I was a grunt in Georgia the day that J.F.K. died

BY DANIEL B. MELTZER  |  On the Friday that President John F. Kennedy was assassinated I was a P.F.C. in training to become a Morse code and radio-teletype operator at Fort Gordon, outside of Augusta, Georgia. I was looking forward to a weekend pass and two days in Atlanta.

We were learning how to tune Army radios, which were actually mobile radio stations, the numerous components filling a “hut” the size of a small truck. To college grads like us — many of us had enlisted or been drafted right after commencement in June — the complex electronics and the by-the-numbers military approach to everything made it all more complicated than seemed necessary.

Each of us had a miniature radio set to work on. You had to power up, calibrate your transmitter and receiver, synchronize them, dip and load your antenna coil…a long list of steps just to get going. The room was quiet except for the occasional slam of a hand to the tabletop, and “God damn this f—— thing!

Suddenly the classroom door flew open. A sergeant stuck his head in and called out, “The president’s been shot, get it on your sets.” You never saw a bunch of liberal arts majors zip through those steps so fast.

We were restricted to base that evening. No rides to Atlanta or even into dreary Augusta: bars, tattoo parlors, pawnshops and hookers that none of us could afford. Someone in our barracks had a transistor radio. We heard the news as it unfolded.

The next day a memorial parade was arranged, with a platoon from every unit on the base marching. Participants were chosen by size: Tallest, next tallest and so on, front rank to rear. They had enough before they could get to me.

Normally, this would have been a relief. Marching in step for hours with an M1 rifle on your shoulder is not fun. And then standing stiff at parade rest without moving a finger for the speeches and then at full attention as the base commander reviews the troops can and does cause genuine physical pain. I didn’t care. Like everyone else in my family, I admired J.F.K., saw him as the brightest, gutsiest and coolest president ever. I had met him when he came to ABC in New York in 1960, where I was a page in the studio during his debate with Richard Nixon. I wanted to march in that parade. For two packs of Camels, I took another guy’s place. He thought I was nuts to actually pay him to get him out of parade duty.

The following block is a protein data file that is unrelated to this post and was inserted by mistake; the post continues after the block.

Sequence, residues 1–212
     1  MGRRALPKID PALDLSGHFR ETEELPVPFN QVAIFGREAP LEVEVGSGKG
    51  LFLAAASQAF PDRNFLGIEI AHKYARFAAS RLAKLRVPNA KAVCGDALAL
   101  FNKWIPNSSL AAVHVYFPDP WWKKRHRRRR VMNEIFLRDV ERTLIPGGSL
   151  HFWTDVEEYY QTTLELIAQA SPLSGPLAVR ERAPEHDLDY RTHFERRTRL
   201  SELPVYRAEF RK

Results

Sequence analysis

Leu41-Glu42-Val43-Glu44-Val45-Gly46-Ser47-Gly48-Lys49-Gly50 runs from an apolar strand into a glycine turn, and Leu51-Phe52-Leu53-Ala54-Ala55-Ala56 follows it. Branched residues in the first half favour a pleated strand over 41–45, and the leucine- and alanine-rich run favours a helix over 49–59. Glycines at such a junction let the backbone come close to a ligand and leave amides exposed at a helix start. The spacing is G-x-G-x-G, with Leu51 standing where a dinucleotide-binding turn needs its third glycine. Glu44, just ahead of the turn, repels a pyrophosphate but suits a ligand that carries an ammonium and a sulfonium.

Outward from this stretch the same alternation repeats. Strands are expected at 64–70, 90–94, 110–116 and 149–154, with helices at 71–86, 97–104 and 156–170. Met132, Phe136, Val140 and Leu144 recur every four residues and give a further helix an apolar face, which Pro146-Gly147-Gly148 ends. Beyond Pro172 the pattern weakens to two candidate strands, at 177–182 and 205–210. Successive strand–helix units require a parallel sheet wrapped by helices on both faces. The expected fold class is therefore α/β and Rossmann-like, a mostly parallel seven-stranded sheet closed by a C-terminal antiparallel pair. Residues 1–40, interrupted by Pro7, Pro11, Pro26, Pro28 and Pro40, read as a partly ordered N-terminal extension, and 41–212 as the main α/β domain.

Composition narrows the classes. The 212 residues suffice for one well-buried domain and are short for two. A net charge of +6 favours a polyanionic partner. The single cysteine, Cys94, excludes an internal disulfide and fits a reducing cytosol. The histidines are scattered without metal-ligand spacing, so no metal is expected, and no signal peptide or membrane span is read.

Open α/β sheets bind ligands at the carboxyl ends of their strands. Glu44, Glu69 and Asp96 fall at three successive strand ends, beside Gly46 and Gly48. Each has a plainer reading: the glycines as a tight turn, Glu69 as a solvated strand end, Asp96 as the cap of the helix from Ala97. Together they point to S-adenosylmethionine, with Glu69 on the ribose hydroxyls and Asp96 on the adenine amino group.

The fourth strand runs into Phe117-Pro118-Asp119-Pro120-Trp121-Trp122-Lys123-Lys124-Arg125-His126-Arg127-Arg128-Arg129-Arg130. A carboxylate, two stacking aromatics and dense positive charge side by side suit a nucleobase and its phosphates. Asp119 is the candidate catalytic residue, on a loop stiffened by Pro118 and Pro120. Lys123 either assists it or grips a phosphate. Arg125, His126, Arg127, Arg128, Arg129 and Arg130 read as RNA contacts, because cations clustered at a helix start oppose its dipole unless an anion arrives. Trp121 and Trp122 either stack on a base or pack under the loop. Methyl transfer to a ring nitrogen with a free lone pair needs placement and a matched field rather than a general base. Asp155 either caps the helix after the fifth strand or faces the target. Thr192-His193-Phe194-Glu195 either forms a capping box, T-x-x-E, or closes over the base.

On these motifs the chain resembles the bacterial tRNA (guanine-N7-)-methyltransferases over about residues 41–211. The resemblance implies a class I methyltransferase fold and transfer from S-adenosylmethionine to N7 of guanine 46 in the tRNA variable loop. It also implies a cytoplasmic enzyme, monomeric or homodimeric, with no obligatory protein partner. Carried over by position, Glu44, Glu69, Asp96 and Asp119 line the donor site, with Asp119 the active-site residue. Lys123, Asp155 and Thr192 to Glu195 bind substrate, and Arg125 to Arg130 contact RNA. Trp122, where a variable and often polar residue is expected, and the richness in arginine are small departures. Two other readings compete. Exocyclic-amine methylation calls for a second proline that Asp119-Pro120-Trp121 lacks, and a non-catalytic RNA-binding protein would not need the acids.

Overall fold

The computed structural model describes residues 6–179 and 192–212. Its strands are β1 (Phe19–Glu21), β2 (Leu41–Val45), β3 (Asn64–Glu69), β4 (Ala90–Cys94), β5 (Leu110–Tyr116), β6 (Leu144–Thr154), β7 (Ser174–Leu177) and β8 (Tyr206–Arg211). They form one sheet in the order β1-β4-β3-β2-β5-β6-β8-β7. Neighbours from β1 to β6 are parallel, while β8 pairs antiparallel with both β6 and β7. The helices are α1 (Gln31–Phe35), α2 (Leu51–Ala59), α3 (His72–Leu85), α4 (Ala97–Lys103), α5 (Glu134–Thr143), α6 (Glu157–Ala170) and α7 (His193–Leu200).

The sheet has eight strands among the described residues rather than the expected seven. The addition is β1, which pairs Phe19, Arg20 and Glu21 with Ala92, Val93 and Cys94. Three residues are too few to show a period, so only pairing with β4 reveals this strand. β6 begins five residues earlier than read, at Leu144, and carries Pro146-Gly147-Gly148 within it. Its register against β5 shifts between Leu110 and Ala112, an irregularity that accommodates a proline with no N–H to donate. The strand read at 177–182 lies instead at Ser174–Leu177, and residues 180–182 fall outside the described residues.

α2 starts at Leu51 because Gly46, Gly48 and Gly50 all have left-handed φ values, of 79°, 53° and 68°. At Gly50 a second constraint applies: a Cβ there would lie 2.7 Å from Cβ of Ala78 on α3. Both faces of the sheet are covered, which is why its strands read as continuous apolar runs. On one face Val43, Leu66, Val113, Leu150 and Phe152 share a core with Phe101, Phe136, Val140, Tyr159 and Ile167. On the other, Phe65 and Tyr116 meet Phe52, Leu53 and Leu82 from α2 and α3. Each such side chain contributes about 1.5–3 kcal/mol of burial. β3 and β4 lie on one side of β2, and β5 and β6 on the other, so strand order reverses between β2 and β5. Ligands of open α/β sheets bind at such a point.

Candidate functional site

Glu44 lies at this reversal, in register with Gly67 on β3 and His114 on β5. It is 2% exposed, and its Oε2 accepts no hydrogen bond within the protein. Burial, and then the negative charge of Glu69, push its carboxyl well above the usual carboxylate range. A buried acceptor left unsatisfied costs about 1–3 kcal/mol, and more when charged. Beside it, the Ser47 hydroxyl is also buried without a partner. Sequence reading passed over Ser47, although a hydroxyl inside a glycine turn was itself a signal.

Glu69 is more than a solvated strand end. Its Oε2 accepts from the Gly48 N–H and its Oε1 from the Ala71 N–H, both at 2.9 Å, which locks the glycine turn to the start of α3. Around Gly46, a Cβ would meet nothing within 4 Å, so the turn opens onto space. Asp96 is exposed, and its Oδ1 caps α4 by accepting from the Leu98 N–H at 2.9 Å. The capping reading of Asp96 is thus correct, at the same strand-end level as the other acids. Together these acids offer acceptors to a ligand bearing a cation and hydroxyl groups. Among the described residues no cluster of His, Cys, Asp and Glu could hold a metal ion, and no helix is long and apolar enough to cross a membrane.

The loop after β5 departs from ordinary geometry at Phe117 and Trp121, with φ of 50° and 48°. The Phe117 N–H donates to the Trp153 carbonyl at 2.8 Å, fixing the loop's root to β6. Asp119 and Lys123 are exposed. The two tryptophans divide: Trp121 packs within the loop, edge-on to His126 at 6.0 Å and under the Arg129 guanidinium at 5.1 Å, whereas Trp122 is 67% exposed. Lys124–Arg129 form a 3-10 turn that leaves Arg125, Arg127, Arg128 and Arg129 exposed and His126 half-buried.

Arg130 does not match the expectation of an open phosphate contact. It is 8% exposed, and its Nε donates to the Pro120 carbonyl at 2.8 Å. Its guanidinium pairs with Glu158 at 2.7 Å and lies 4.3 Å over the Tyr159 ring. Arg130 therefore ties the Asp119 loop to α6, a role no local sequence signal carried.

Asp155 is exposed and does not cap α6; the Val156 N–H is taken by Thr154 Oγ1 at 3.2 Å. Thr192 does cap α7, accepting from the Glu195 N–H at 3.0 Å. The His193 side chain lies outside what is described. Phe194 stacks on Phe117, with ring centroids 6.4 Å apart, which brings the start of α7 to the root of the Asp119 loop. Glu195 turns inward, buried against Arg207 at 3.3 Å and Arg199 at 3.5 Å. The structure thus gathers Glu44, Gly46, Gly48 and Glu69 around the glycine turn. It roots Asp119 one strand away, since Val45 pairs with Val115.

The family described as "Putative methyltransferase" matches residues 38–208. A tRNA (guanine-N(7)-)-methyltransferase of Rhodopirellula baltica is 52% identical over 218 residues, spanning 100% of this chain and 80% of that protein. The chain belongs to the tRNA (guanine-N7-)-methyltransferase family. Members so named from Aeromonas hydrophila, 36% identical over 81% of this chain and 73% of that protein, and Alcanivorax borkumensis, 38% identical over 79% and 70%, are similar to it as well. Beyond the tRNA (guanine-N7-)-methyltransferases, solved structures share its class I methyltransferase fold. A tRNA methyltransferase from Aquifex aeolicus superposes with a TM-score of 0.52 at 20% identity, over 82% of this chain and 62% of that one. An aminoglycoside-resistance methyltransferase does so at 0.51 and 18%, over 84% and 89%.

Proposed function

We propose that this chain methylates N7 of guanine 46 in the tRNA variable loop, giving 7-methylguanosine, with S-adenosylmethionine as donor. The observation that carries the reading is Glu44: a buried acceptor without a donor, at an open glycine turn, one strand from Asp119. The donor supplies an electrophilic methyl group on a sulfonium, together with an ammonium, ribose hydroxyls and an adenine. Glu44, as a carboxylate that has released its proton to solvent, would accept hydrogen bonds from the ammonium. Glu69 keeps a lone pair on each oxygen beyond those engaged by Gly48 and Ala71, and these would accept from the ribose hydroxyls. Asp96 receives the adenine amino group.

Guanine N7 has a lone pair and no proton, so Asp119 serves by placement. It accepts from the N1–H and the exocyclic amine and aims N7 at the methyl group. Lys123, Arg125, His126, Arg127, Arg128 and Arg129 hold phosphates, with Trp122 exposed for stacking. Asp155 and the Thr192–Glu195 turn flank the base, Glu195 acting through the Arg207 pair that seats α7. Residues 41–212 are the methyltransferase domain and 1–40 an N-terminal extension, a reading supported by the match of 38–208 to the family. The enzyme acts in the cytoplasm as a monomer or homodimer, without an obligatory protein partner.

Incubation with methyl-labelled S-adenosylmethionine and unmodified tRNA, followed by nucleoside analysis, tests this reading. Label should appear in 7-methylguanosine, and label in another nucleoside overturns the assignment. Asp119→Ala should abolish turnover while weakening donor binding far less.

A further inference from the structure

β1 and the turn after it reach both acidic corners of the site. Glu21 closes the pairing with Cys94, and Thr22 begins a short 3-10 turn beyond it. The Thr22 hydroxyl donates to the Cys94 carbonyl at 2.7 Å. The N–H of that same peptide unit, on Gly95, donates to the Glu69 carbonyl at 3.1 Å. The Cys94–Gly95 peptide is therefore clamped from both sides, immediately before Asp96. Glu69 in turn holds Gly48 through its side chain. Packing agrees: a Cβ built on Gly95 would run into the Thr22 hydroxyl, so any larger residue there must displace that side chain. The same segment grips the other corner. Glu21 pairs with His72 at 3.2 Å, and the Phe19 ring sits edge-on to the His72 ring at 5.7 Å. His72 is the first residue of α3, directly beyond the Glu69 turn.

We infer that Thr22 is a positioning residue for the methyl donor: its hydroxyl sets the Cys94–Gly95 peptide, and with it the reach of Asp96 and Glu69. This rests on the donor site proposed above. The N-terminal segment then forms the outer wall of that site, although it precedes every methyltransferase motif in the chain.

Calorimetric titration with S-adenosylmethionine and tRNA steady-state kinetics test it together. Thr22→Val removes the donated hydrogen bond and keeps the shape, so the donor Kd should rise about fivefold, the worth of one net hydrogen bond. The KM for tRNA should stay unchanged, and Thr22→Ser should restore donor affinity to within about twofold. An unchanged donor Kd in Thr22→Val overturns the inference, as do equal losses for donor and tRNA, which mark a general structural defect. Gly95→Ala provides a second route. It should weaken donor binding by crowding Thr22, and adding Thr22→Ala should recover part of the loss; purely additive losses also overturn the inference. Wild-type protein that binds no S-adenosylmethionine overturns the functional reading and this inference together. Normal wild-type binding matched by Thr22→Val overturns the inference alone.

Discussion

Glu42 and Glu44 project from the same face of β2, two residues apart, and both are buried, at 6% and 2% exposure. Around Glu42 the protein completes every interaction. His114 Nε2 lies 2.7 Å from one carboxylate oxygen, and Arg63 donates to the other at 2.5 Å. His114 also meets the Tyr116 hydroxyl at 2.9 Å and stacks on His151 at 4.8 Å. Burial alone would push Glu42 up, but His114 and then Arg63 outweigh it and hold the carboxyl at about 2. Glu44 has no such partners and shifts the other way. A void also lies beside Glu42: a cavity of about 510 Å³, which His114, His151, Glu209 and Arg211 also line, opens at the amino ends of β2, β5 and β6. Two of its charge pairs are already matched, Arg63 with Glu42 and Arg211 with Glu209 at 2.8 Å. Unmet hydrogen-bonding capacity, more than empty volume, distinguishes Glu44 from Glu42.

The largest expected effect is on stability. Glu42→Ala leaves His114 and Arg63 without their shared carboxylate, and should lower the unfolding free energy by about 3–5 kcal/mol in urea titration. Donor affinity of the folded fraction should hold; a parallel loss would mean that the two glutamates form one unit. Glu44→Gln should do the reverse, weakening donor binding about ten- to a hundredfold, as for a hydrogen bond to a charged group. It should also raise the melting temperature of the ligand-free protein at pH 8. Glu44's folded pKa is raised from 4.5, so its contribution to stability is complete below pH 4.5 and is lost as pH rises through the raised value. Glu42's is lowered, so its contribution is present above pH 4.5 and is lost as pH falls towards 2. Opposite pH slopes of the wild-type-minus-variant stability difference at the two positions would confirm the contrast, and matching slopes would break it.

It rained. It poured. The uniform of the day was Class “A” khakis freshly starched, spit-shined combat boots, trousers bloused above the boot-tops. Due to the weather, ponchos were added. We could have been naked under those ponchos except for the boots. But we were marching instead, over wet grass and through mud with our rifle straps pressing down, and our cardboard-stiff khakis cutting into our necks, elbows and knees. My eyeglasses were fogged, rain-smeared and sliding down my sweaty nose.

In their speeches, the high-level brass seemed to bend over backward to avoid outright praise of the slain president. They didn’t like him, I recognized. I wondered why. Much later I came to understand the reason. He had been reluctant to commit U.S. troops to a major land war in a place called Vietnam. The Gung Ho guys were itching to go.

The next day I was put on KP. I was mopping when someone came running into the mess hall yelling, “Oswald’s been shot!” I ducked out and snuck over to the day room, where there was a TV. Officers were lounging on the leatherette sofas and easy chairs. In my water- and grease-soaked fatigues, mop still in hand, I saw the videotape replay of Ruby shooting Oswald. Walter Cronkite was at the anchor desk. Dan Rather was reporting from Dallas. I stood riveted, until the mess sergeant stood toe to toe in front of me with a very large knife in one hand and shouted and sprayed his miserable breath into my face to get my “f—— a– back into that kitchen or I’ll…!” He didn’t have to complete the sentence. Random violence at military installations was not unusual even back then.

Years later, I would become a writer for CBS News. As it happened, I started the week that was Walter Cronkite’s last. He was replaced the following week by Dan Rather.

 

Meltzer’s most recent book is “Outsiders,” a collection of short fiction

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2 Responses to I was a grunt in Georgia the day that J.F.K. died

  1. Great reading!! The kind of personal feelings that come through as if I was there with him! I was not home and
    received the news from others until I could get to my TV!!

  2. Aw, this was a actually good dispatched comments. Taking a twosome of minutes and authentic effort to conceive a actually good part. but what can I state. I hesitate a entire lot and don't coordinate to get almost any thing expressed out.

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